Best practice, or, monkey seem, monkey do

Jane Bozarth asked via Twitter today, “Am I the only one who doesn’t believe in such a thing as ‘best practices?'”  (Short answer: not at all.)  She brought to mind the humorist Goodman Ace, who once titled an anthology The Better of Goodman Ace because he didn’t want people coming up and saying, “That was your best?”

I know why people refer to best practice–it’s shorthand, it implies agility, it says “we’re not reinventing the wheel.”  And, in a way, it acknowledges that maybe we here at MegaWidget don’t think we have every answer to every problem.

Not a best practiceStill, you can’t just toss someone else’s practice (best or otherwise) into your organization like a throw rug on a dormitory floor.  Well, you can, of course, and the folks who grumble about “paralysis by analysis” are even as you read busily flinging practices hither and yon.

Typically, these activity dynamos aren’t the ones putting the idea to use, though — they don’t have to actually practice.

To think that if you do what GE does, you’ll be like GE (you can substitute any name you, from “Ben & Jerry” to “Jerry Garcia”) is more than a fallacy–it’s just plain silly.  Rather than imply that because X worked in situation Y, it’ll work for you (hey, wasn’t it “best?”), I like the notion of “better” practice.

That starts where we are now: what are we doing, what are we trying to get done, and can we get that thing done in a better way?  (Note to high-strategy types: we’re assuming that some strategy is in place.  Note to financial-industry types: probably not your strategy, “All the other kids were doing it.”)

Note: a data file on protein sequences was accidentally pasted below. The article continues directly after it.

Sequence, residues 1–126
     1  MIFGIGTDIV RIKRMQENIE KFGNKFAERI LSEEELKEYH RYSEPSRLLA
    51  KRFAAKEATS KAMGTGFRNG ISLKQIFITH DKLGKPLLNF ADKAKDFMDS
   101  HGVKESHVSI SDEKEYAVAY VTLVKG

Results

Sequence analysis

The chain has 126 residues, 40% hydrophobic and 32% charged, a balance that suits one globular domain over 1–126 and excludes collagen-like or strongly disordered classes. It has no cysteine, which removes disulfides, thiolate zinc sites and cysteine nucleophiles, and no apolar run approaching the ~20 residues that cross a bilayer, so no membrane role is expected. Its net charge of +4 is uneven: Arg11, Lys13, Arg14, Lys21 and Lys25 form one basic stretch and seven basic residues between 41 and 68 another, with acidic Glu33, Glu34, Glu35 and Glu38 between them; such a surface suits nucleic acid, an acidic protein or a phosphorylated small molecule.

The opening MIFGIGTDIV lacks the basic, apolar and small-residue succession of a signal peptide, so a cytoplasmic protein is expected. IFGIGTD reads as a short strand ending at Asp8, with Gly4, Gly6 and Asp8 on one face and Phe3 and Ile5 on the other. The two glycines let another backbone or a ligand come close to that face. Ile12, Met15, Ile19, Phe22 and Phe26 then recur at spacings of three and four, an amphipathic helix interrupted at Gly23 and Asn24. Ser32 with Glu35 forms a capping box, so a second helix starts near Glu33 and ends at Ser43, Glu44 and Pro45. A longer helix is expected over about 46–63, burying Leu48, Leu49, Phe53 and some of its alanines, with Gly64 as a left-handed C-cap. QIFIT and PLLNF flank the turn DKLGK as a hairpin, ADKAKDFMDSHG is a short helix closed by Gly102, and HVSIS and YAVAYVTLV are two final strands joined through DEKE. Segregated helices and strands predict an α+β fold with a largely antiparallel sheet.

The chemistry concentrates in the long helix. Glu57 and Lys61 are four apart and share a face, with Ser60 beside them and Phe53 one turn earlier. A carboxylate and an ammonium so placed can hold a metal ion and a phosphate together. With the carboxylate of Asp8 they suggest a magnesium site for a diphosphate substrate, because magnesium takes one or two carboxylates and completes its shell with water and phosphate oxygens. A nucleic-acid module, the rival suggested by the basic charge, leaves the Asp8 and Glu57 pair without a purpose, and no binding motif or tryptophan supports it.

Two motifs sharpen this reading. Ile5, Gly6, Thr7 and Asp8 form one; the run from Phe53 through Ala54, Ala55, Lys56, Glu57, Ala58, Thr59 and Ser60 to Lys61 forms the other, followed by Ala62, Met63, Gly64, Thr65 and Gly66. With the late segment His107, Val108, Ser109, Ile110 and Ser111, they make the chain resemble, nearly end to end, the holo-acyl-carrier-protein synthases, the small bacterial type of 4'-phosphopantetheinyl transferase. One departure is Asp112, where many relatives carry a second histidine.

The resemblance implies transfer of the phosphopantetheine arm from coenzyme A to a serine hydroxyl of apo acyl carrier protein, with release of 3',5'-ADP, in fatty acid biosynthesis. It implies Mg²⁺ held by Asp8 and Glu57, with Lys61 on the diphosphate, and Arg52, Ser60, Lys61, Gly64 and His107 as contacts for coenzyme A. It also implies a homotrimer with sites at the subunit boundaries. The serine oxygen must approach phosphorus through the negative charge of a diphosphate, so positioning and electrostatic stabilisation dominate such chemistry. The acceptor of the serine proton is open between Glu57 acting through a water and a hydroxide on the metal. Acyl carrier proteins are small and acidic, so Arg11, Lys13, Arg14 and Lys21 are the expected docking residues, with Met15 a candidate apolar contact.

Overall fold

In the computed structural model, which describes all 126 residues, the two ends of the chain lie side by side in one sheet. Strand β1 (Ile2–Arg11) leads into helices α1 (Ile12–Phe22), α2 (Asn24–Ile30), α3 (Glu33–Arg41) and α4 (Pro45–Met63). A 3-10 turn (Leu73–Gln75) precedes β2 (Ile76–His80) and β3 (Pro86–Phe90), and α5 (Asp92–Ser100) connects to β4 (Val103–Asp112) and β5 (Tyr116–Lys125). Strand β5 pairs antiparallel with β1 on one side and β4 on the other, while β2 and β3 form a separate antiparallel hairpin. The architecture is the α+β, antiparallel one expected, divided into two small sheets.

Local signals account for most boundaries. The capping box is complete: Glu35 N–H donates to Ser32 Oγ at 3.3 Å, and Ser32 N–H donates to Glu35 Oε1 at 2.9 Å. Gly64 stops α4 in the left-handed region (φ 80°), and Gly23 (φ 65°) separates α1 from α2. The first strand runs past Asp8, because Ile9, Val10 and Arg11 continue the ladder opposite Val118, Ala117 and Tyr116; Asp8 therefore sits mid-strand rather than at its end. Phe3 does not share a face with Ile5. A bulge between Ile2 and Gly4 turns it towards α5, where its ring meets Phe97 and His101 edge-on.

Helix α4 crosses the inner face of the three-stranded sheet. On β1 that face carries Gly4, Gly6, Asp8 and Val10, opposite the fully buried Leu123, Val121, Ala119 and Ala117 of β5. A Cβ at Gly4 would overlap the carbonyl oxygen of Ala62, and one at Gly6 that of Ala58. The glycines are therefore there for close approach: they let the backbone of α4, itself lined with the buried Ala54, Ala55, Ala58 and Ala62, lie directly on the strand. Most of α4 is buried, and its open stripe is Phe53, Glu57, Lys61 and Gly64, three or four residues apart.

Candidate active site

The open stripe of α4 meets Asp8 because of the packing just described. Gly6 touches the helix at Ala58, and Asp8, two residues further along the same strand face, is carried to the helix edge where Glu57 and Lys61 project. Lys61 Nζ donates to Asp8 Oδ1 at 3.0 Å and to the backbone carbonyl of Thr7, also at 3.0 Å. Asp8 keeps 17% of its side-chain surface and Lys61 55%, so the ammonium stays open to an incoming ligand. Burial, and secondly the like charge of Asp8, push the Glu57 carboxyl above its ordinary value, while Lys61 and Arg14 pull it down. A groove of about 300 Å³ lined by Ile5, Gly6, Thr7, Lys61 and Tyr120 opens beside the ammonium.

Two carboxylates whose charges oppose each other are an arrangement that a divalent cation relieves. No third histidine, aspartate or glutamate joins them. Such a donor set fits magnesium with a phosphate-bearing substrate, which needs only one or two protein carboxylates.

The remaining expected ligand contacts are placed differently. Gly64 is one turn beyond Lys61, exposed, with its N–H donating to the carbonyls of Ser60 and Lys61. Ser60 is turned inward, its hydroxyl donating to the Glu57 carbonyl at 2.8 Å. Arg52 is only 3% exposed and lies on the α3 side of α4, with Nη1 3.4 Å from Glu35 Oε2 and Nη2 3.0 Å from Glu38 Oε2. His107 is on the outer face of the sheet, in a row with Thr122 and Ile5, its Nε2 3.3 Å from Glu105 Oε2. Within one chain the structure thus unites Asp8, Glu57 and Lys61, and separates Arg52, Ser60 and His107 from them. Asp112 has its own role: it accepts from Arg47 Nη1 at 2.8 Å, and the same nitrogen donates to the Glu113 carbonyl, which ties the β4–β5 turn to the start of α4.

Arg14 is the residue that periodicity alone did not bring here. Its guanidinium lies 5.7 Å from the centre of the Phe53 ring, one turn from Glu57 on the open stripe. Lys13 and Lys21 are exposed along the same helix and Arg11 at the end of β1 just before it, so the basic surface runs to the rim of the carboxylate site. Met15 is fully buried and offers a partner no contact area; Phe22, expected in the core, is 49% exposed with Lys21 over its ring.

What that means is, hmm, we’d like to hear more from customers about how they use our products.  Right now that’s pretty random, with letters and email sent all over the place, from customer relations to the sales department.  What are some better ways we might do that?

Surveys seem to work at Mammoth Industries.  Technoglom has blogs that seem to invite participation.  Uriah Heep Buggywhips & Stuff seems to get lots of input from a product-manual wiki.

With these as starting points, the better-practice approach muses for a bit on whether our customers might use online input or blog comments or wiki pages.  Maybe we’ll whip up a prototype for one group so we get some info.  (“The plural of anecdote is not data.”)  Maybe we’ll find a way to bridge a techno-gap.

A blister packI worked at a pharmaceutical packaging plant last year.  One woman spent most of her 10-hour shift on the wallet line, helping package the cardboard folders that enclose the blister-packed product.  She described two ways of handling rejected product at the end of a run, then said of one, “I don’t think that’s good manufacturing practice.”

She wasn’t a consultant; she was a grandmother working a mainly blue-collar job she liked.  She’d also adopted a process mindset: the point of her job wasn’t just packaging things; it was tending to all parts of the process, and looking for ways to improve it.  That didn’t necessarily mean studying the line at Competitive Pharma; it meant asking if there wasn’t some other way to do thing A and better achieve result B.

Throw rug photo by goosmurf / Yun Huang Yong.
Blister pack photo by incurable_hippie / Philippa Willitts.

5 thoughts on “Best practice, or, monkey seem, monkey do

  1. Dave, I’ve often worried about ‘best practices’. Not for the valid reasons you cite, but because too many times best just means the best that anyone else is doing, a relative best, instead of the principled best that *can* be done.

  2. Clark, that’s an angle I had not considered, but a terrific one. And I agree: almost by definition, “best practice” means “the best anybody is doing right now.”

    GE’s Jack Welch talked once about inventory turns. (If you keep an average of 20 widgets on hand, and you use 80 per year, that’s 4 inventory turns per year.) He said that a lot of process-improvement goals would involve getting to maybe 5 or 6 turns — wow, a 50% increase, nothing to disdain.

    His preference was to set a goal of, say, 12 turns — because that would require more than just doing what you’re doing now, only faster. Even if you never hit the 12, a reframing could possibly get you to 8 or 9 — which would have taken years under an incremental, based-on-current-practice approach.

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